Review: Kirby's Epic Yarn

Susan Arendt | 21 Oct 2010 09:00
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Before I tell you why you simply must play Kirby's Epic Yarn (Wii), let's get something out of the way: This game is cute. Industrial strength endearing. The kind of adorable that even makes chubby puppies say "Awwwww." Kirby's Epic Yarn makes grown men giggle like babies being tickled. If you are that kind of gamer who would rather die than risk being seen playing a game lacking headshots, your inclination will be to give Kirby a wide berth, but don't. As kid-friendly as it might look, Epic Yarn is one of the most delightfully fun gaming experiences you can have this year and a must-have for anyone with a Wii. Yes, even you, tough guy. Especially you.

An evil wizard named Yin Yarn, who's turning everyone into yarn, runs into Kirby one day when the pink puffball tries to eat Yin Yarn's magicmato. Kirby gets sucked into Yin Yarn's sock, turns into yarn, and finds himself dumped in Patch Land, a world made of fabric and craft supplies. It's a pretty ridiculous premise, even by videogame standards, but it gives Kirby an excuse to meet Prince Fluff and set out on a quest to find the magic yarn necessary to stitch Patch Land back together again.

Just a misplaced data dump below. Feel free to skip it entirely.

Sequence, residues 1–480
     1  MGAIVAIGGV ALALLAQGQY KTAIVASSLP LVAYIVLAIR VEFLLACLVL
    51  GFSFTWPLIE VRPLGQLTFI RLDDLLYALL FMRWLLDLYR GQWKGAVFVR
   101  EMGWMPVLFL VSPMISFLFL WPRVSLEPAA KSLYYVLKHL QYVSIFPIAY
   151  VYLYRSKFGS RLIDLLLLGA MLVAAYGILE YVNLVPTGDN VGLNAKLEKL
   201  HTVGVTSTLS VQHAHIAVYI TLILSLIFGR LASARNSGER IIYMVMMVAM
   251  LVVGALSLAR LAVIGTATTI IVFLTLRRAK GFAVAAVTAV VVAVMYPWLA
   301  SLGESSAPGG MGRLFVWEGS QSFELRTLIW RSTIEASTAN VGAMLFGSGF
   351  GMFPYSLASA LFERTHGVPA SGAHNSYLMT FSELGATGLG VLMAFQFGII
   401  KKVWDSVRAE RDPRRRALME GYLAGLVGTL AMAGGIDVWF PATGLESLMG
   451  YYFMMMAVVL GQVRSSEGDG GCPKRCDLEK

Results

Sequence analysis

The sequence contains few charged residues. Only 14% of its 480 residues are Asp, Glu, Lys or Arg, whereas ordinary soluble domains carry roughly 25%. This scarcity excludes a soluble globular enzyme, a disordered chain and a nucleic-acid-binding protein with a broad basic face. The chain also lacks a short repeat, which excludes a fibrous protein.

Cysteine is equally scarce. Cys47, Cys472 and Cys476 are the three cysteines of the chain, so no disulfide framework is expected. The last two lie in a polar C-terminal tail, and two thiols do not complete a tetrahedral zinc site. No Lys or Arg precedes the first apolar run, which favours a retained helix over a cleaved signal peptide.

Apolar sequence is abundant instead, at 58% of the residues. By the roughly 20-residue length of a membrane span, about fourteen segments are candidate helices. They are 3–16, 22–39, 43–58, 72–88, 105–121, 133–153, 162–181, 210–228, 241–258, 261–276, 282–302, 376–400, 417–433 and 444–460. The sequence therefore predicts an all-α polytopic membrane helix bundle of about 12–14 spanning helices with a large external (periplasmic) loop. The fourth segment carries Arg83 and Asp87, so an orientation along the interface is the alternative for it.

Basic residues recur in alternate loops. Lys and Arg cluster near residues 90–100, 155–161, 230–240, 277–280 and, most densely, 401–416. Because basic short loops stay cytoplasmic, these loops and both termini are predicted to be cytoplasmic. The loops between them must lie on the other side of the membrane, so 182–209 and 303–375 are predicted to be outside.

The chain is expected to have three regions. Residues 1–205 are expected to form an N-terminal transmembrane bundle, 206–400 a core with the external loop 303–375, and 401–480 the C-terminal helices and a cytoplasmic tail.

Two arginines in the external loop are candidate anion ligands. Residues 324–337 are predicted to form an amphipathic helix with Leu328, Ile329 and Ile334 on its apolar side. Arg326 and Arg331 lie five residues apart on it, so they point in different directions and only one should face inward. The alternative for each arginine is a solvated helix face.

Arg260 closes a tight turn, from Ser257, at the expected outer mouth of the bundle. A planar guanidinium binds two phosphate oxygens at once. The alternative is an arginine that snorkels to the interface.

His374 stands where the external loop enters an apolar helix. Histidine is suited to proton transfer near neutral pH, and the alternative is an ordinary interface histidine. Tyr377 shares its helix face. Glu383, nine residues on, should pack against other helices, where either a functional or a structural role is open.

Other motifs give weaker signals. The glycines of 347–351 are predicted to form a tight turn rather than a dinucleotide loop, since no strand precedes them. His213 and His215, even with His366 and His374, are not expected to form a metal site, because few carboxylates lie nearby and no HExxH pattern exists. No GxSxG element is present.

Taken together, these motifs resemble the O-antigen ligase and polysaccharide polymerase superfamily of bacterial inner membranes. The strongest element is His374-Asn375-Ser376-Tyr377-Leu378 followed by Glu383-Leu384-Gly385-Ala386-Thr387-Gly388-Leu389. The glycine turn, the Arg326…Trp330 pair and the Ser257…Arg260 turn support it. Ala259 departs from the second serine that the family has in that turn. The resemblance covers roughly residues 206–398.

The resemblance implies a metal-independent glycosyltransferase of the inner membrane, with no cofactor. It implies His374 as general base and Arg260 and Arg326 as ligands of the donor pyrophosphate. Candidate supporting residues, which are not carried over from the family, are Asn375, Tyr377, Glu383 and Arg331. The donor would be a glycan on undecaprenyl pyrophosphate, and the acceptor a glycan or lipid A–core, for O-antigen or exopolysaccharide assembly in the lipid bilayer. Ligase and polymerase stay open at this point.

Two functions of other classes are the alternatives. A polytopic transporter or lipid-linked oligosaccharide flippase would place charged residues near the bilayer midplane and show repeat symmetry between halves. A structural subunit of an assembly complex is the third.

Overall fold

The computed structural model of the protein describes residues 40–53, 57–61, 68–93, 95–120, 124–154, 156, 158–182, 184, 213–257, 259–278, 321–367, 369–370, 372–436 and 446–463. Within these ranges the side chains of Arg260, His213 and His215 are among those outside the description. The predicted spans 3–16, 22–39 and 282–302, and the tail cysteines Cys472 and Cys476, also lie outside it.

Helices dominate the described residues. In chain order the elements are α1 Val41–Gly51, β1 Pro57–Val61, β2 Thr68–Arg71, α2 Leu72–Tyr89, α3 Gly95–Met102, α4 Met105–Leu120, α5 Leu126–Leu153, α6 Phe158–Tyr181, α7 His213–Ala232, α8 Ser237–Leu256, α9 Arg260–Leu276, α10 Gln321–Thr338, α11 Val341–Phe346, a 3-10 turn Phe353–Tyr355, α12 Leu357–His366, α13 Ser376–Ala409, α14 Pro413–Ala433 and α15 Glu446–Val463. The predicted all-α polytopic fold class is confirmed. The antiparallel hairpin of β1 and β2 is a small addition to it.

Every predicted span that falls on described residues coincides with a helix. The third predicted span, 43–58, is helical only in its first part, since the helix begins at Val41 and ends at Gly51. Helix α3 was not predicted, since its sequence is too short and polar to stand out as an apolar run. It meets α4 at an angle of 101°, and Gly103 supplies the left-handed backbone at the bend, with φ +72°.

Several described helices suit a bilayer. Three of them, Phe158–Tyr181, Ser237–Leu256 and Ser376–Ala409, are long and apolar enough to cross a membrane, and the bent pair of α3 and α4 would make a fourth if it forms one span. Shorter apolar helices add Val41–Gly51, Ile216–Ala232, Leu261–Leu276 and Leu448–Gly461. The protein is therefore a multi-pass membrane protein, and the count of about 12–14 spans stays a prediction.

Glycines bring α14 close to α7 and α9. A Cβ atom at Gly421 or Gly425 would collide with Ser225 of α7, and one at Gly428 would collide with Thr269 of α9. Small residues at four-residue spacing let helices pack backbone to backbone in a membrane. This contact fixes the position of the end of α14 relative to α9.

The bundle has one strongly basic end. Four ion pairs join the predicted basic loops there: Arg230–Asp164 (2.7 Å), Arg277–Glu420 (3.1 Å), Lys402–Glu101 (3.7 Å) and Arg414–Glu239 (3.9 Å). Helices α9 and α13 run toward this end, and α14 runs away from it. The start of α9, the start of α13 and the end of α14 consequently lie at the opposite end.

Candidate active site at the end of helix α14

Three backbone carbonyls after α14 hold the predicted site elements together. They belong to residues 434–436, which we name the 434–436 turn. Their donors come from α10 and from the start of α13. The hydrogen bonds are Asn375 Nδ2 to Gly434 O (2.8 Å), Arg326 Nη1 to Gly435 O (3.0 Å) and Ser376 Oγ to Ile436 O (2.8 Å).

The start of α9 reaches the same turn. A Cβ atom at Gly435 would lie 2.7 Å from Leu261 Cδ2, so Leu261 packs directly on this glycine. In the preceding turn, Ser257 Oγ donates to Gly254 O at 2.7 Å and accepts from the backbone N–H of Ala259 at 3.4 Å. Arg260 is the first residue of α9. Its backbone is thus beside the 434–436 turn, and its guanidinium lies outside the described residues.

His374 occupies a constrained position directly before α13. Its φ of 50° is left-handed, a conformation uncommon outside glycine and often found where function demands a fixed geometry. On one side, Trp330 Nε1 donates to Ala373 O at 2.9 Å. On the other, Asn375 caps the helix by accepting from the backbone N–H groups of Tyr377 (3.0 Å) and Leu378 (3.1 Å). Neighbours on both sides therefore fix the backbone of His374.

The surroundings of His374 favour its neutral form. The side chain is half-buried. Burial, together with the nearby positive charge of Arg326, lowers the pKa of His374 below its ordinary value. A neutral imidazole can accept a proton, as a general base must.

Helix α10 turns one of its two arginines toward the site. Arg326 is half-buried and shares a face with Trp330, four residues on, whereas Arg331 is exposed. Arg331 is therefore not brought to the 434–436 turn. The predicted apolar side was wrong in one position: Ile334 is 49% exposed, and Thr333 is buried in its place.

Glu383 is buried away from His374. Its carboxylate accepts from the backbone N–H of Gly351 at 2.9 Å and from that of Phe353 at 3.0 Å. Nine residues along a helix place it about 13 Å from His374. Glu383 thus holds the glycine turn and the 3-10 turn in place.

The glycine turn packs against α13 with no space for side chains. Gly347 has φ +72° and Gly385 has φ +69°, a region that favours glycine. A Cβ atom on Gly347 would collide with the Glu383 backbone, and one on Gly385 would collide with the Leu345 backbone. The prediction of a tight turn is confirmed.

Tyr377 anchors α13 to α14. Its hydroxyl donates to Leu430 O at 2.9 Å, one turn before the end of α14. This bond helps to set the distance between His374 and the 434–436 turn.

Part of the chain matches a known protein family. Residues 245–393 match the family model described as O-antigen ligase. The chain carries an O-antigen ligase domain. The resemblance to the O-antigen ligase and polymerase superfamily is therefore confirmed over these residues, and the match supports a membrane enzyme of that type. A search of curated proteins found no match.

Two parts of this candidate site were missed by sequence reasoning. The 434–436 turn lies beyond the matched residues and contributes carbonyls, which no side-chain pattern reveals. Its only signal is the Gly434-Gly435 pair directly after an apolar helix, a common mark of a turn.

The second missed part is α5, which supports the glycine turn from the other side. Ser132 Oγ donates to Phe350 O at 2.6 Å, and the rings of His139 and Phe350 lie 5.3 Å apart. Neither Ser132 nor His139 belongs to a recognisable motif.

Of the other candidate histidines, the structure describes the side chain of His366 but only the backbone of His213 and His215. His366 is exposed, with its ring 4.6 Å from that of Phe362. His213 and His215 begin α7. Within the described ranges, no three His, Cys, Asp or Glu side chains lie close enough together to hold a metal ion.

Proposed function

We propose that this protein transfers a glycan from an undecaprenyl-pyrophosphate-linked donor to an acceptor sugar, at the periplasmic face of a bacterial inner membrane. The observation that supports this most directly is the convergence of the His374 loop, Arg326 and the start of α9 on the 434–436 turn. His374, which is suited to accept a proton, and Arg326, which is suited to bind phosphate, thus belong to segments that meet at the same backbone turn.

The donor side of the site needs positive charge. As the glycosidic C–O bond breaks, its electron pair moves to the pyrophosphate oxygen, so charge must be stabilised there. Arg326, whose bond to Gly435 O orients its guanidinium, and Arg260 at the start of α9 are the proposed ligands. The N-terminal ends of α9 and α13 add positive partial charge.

Kirby's Epic Yarn is set up in familiar platformer fashion, with many levels in different theme worlds accessed from a central hub. Now that Kirby's made of yarn, he can't suck in enemies the way he used to (no body, y'see), but his flexible nature lets him turn into all sorts of things, like a car, parachute, submarine, weight, digging machine, UFO, and firetruck to name just a few. He can also whip his yarn to unravel enemies, roll them up, or grab objects and characters. The abilities are many, but the controls are few; Epic Yarn is played by flipping the Wii Remote on its side, so you'll just have to master the d-pad and two buttons in order to play. No waggling, no aiming, no C button on the Nunchuk getting in between you and the fun.

The fabric nature of Patch Land could easily have been just a gimmicky aesthetic, but instead it's used to enrich the gameplay in much the same way that Paper Mario took advantage of its star material. The entire game environment looks like it was assembled in a particularly gifted session of arts and crafts, festooned with collectible beads and held together with colorful closures. Pull on a zipper to reveal a new area. Hang on to a pterodactyl with an actual belly button to soar to new heights - or at least reach some valuable beads. Wind thread on a bobbin, unravel a button, check out the bulge when Kirby ducks behind the cloth scenery to take a shortcut. The fabricness of everything is positively enchanting but more importantly, it makes the gameplay intriguing and unexpected.

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